Dr. Henry Cloud tells an interesting story about someone he worked with that wanted to make a friend accountable for a much-needed improvement in health.

Cloud inquired about what the man had done. “Oh, I continually call and remind him that he needs to exercise more. I cajole him about getting to the gym or going for a run.”

“And how has the reminding and cajoling worked out?” Cloud asked. 

“It hasn’t worked at all,” the man reported.

Cloud went on to explain, “Maybe that’s because you really aren’t helping him be accountable. Instead of calling, why not show up with your running shoes and ask your friend to go for a jog?”

We often think we’re holding people accountable when we’re doing nothing more than requesting, pleading, begging and/or demanding performance. As the story illustrates, these approaches generally aren’t very successful. 

What if we took Cloud’s advice and “helped people be accountable” rather than just “holding them accountable?” What if we were active participants in their change and improvement? What would that look like?

It Isn’t About Doing

Helping people be accountable is more than identifying what they need to do; it is about clarifying what needs to be accomplished.

Clear outcomes can often be achieved several different ways. We tend to be too rigid about the means and completely miss the end. For instance, in the example above, the objective wasn’t running, it was fitness.

Structure your efforts around the end goal, and involve the person you’re working with in determining the “how.” Giving them an active role in creating the process will engage them and create a greater sense of ownership.

“What” Rarely Works Without “Why”

People aren’t motivated by a goal; they are motivated by the reasons for achieving a goal. If I can’t see a benefit to be gained or a negative consequence to be avoided, why would I exert any effort to change?

Motivation is primarily about hope of gain or avoidance of pain. To help another be accountable, unpack the consequences of a change or lack thereof. Find reasons that are compelling to them, not just to you.

Find the Barriers that Need to be Busted

If you are investing in another’s growth, you can help them by both identifying and then overcoming barriers. I’m not suggesting you do the work for them, but it can pay dividends if you do the work with them.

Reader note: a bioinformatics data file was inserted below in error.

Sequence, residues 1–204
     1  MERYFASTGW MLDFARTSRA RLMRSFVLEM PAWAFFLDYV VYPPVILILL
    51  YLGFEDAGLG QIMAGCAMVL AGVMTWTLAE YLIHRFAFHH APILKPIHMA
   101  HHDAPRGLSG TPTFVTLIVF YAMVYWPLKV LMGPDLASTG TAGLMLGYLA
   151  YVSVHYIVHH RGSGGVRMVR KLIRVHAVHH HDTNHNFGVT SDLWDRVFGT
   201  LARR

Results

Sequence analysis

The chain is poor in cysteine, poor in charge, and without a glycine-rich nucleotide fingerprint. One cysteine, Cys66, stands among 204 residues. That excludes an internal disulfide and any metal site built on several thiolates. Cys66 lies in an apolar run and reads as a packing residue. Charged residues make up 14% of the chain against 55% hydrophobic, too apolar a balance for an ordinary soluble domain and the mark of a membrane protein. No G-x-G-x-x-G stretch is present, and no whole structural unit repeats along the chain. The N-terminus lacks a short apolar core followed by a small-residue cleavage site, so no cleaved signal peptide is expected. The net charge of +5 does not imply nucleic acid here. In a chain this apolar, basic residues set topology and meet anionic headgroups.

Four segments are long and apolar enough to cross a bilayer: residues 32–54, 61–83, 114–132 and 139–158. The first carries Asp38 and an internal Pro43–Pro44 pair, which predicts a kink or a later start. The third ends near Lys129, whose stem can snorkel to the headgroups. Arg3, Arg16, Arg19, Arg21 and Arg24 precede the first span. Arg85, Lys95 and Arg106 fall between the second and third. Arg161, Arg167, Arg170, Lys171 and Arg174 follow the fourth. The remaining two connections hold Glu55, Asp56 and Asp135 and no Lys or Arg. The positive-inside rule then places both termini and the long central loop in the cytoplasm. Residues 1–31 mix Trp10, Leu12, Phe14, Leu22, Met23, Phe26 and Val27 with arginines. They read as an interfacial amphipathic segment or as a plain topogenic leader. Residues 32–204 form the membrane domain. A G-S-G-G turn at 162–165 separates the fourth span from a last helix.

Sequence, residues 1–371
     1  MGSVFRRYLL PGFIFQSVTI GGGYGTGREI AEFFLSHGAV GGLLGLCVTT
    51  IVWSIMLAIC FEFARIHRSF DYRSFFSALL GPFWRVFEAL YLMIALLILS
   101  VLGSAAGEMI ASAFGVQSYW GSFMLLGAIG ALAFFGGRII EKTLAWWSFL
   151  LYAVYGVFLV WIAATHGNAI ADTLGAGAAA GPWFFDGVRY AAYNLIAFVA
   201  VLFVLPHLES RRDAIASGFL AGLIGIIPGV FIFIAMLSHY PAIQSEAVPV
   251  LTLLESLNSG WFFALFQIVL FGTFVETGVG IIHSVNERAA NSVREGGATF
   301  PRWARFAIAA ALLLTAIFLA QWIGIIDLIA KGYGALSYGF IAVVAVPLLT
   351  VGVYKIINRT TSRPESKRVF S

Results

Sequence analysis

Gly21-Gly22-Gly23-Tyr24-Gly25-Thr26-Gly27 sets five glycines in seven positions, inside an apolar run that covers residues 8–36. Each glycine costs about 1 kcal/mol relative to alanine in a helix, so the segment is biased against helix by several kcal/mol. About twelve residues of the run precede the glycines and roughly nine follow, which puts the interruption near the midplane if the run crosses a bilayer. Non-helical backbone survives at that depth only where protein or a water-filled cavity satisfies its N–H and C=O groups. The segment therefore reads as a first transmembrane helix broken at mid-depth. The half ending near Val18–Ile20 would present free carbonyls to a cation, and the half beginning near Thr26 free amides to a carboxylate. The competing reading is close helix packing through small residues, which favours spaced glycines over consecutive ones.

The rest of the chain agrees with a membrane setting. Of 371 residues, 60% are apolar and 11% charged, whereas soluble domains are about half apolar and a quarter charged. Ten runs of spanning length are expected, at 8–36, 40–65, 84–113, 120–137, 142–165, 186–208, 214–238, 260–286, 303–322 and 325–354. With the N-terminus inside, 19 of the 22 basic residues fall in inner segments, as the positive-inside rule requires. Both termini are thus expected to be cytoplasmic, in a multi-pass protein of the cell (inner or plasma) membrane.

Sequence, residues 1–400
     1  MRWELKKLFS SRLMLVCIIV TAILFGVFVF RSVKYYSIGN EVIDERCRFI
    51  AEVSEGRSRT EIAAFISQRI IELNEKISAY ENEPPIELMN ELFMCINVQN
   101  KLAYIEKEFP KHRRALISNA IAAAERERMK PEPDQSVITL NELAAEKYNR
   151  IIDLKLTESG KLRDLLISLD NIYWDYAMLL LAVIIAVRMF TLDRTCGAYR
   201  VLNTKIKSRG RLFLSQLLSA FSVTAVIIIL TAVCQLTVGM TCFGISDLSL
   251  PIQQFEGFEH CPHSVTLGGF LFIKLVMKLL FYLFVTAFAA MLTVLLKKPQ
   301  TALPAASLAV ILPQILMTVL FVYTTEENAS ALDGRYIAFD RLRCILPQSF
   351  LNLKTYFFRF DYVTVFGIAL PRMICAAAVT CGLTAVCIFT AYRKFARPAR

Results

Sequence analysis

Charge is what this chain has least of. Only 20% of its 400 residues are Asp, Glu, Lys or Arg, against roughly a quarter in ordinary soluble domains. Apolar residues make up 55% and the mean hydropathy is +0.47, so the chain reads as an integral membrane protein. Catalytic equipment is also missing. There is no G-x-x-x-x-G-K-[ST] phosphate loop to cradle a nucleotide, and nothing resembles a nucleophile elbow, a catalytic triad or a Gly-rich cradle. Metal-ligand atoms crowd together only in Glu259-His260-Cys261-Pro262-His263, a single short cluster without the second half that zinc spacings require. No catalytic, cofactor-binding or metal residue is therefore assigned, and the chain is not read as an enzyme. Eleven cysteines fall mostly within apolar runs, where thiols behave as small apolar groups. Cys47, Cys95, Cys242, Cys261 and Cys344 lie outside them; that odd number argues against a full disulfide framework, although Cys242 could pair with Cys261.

Sure, it takes a lot more effort to go for a jog than to simply recommending jogging, but the difference in effectiveness is dramatic.

Find out what’s keeping your employee or colleague from doing what needs to be done, and accomplishing the intended results. Once you know what he or she is up against, you can brainstorm solutions for overcoming those barriers.

Never Confuse An Explanation with an Excuse

Our best efforts can be short-circuited by misguided benevolence. Sometimes we get explanations for failed results that we confuse for excuses.

What’s the difference?

An explanation is a statement of fact about what happened.

 An excuse is a get out of jail free card.

Your son might punch his little brother. His excuse? Junior made him mad.
Even before you read this, you would have said, “That’s no excuse.”

 So why do we let people off the hook for explanations disguised as excuses?

A sales manager might have this conversation with an excuse-making rookie: “Yes, it is hard and you had a lot to do this week. That’s an explanation. But it doesn’t change the requirement to make more cold calls.”

Be a Sermon Seen

There is an old familiar poem that says, “I’d rather see a sermon than hear one any day. I’d rather one would walk with me than merely show the way.”

When you go beyond simply holding others accountable and help them through the process, you become a sermon seen rather than a sermon merely heard.

When you help your son or daughter with their homework, not only does the homework get done, but also the child learns more in the process.

And when you help a colleague be accountable, you actively build into his or her success.

Mark Sanborn
About Mark Sanborn

Mark Sanborn, CSP, CPAE, is president of Sanborn & Associates, Inc., an idea studio dedicated to developing leaders in business and in life. Mark is an international bestselling author and noted expert on leadership, team building, customer service and change. Mark Sanborn graduated cum laude from The Ohio State University. In addition to his work as a business educator and author, Mark continues to be an active leadership practitioner. Most recently he served as the president of the National Speakers Association.

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